Ninh Binh actually looks a lot like Ha Long Bay, because it is the same sort of steep karst mountains that are in the bay. Of course here they are jutting out of the ground, not the ocean. There is a public dock where you get in these teeny rowboats and they take you up the river, and in the course of this journey you go through three caves. It was really pretty, and we did a bit of birdwatching along the way. After lunch al fresco in the cute town we headed out to the Van Long Nature reserve, which is about 20 minutes drive away.
Van Long is one of the few bright spots in Vietnamese wildlife conservation. The reserve is home to another rare langur, Delacour’s Langur. The local people have learned that instead of eating the monkeys, tourists will pay to go so see them, and besides the boats you ride in a teeny market has sprung up where the buses park selling local crafts and the like. Van Long is really beautiful: it consists of a huge marsh filled with short vegetation and a few shrubs, and then behind it a giant wall of these same steep cliff faces we saw in Ninh Binh and Ha Long.
Chris and I got into a traditional rowboat made of reeds and we went with group to the far edge where the mountains meet the water and there were the langurs! Dave said we were quite lucky because the langurs were so close to the water, usually they are really high up in the cliff faces. These guys are also mostly black, but they have white fur on their butts and legs so it looks like they are wearing pantalones. Really sweet! Again we had a large troop that were eating, relaxing, and occasionally moving between trees. We watched them for quite a long time.
Also in the marsh were some amazing birds: a few different types of kingfishers, purple herons, lots of white egrets, and a bird that was near the top of my list to see: Asian open billed stork. As the sun set, the storks (about 500) and the egrets (about 700) started doing a giant murmuration (where they fly in a flock closely together). It was really an amazing, beautiful moment. The dark cliffs behind, the mirror smooth water and these large pale birds flying so closely. Right behind us was a roller rink blasting Justin Timberlake, but even that didn’t dampen the magic.
I would like to say a little bit about breakfast. Every day we had breakfast at our hotel, which was the usual hotel food (pastries, omelettes) but with some non traditional things like fried rice, noodles with sausage, and pho, the beef (or chicken) noodle soup Chris and I ate on our first day. It is the national dish, and Vietnamese tradition is to eat it out at a cafe every morning. There was always a huge fruit selection at breakfast: dragon fruit, watermelon, teeny bananas packed with flavor, it was all yummy.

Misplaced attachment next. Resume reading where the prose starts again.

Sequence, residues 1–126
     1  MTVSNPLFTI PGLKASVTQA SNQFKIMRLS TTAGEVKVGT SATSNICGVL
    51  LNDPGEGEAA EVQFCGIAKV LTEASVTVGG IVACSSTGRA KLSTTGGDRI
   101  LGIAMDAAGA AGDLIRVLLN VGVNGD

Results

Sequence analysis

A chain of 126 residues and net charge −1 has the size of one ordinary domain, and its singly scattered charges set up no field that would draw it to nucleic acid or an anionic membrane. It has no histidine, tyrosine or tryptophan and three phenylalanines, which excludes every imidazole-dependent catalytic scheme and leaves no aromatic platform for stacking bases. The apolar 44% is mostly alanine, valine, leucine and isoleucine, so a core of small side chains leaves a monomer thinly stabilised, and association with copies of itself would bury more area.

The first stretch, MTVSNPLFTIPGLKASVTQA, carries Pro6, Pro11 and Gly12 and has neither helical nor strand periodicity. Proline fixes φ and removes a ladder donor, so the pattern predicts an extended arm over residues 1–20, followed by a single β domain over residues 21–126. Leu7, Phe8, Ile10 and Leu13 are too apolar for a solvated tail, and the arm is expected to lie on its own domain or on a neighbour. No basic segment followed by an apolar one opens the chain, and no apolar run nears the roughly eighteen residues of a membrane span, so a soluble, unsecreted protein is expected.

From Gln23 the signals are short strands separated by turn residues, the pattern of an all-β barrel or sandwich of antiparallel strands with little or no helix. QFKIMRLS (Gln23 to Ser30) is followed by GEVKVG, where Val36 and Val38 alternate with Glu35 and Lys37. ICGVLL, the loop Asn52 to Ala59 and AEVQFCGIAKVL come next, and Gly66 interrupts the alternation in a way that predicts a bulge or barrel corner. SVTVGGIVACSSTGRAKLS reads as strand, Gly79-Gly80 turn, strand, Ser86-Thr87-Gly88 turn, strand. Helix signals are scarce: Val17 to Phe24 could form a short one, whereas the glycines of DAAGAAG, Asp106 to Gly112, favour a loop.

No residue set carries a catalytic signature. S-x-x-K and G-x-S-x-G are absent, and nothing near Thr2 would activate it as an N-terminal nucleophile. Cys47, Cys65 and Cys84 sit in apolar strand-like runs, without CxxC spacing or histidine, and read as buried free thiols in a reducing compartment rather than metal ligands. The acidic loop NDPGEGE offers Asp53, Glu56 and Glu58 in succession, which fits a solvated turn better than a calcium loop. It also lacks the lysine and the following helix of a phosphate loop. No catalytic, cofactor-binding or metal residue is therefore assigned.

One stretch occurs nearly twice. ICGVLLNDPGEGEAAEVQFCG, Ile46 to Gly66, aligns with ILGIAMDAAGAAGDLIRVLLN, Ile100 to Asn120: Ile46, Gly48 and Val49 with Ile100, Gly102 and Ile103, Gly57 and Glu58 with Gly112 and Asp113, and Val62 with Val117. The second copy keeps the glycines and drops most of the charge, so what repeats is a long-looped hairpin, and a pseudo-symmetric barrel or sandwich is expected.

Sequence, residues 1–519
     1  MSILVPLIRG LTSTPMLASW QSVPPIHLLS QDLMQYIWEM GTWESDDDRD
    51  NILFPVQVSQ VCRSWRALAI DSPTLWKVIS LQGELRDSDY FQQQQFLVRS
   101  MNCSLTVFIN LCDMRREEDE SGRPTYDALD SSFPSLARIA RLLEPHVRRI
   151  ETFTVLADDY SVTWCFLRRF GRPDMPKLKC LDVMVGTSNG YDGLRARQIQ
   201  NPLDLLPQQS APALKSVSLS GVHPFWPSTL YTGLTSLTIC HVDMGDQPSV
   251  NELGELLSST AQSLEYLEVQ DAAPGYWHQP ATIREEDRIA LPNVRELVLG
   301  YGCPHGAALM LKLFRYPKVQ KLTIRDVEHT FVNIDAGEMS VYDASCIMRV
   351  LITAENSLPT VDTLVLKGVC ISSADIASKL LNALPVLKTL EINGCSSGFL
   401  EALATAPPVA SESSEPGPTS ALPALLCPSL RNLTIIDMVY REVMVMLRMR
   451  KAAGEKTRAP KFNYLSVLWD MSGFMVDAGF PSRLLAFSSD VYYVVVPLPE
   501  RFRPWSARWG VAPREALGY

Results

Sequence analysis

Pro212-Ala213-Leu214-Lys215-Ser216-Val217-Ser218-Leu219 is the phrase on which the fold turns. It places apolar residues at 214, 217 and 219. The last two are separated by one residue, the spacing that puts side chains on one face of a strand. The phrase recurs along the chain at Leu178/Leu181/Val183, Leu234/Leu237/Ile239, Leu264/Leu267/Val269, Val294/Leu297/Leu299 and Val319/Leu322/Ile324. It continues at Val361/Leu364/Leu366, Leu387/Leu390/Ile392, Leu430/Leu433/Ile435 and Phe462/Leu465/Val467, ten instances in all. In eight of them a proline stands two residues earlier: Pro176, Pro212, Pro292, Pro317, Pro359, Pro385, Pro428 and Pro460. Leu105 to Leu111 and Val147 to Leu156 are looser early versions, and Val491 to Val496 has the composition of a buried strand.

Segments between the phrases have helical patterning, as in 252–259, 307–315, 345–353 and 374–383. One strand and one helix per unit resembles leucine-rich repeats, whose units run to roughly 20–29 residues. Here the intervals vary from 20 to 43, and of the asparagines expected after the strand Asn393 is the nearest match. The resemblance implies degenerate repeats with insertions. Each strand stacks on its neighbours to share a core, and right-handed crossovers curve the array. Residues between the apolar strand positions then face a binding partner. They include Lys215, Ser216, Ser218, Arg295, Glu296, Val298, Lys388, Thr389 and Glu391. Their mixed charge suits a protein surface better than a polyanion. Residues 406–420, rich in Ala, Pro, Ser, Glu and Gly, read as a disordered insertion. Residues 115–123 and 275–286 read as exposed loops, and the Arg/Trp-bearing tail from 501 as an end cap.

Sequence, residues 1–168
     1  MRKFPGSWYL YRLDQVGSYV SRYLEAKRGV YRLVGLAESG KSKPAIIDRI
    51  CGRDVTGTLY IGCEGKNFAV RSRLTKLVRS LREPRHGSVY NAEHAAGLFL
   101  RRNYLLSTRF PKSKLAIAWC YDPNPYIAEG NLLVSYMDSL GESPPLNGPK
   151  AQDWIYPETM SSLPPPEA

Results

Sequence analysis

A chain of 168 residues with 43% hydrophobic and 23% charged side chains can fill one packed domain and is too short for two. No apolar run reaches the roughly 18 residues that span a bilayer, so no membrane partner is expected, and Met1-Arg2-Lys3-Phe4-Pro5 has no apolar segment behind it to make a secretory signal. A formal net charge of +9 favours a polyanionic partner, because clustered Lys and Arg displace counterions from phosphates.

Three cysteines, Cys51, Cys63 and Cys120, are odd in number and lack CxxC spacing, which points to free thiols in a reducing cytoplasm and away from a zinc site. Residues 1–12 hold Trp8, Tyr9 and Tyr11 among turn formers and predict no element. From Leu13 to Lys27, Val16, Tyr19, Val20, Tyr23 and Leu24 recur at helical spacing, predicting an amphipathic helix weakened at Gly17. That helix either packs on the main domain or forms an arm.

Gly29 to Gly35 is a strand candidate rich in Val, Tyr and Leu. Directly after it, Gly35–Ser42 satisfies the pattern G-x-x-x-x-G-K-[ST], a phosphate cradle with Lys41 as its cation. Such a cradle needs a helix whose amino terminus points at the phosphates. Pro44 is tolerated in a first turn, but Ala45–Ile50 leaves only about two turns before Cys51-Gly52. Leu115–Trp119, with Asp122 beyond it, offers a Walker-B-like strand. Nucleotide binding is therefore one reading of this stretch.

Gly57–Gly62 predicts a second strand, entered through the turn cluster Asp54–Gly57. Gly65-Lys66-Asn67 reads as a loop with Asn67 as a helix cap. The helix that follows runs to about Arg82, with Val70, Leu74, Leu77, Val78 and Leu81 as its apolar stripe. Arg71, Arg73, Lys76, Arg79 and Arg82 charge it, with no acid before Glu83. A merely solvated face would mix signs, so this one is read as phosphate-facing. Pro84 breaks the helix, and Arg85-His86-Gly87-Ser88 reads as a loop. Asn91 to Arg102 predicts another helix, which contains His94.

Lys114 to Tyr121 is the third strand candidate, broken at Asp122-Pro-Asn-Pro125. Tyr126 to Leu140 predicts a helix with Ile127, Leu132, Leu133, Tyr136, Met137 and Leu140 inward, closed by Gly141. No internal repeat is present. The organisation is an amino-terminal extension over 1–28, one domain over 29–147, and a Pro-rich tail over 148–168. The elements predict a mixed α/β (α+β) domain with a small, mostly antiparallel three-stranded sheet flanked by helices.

Today was a travel day, and since our flight from Hanoi was delayed quite a bit we didn’t do as much of a city tour of Saigon as we had planned.
First impressions of Saigon: massive. Hot. Greener than Hanoi, more parks. More western and modern, with lots of shops we knew and english signs everywhere. Saigon has 10 million people, and 5 million of them have scooters. The traffic is unreal.
We visited the reunification palace, which was the last hold out of the Americans during the war. The war rooms were very interesting, still filled with communications equipment and cool old maps and in one room an exhibit of wartime photos. The palace also contains some lush receiving rooms and the lovely private quarters for the prime minister. After the palace, we visited the old post office, which was built in the french colonial style and quite attractive. And, it still functions as a post office!
It took us 5 hours to get to Cat Tien National Park, and I think 2 of them were just driving through Saigon! Today’s on the road fruit treat was rambutan, a fruit in the family of the lychee. The skin is thick and has red hairs on it and you peel that off to reveal a white, opaque fruit inside that you eat. Delicious.
We got to Cat Tien, got on a little ferry across the Dong Nai River, and then we were in the park. We saw more birds in the first hour than I think we had the entire trip thus far! Just in front of our room Chris and I saw a lovely blue-winged leafbird (so spectacularly colored even Chris said “wow”). After lunch we birded along the road away from headquarters, and discovered that even during the dry season, there were land leeches around.
Land leeches look like mini inchworms, and they are attracted to body heat. We could see them coming towards us en masse whenever we stood in dead leaves. However, they stayed away while we were on pavement. The next day, a few of us were bitten (including me) and discovered it is not as traumatic as expected. The leech comes (can go through pants and socks), feeds, and leaves, so you don’t even know you have been bitten until you see a spot of blood on your sock or pant leg. The main thing is not to scratch your bite or they can really bleed.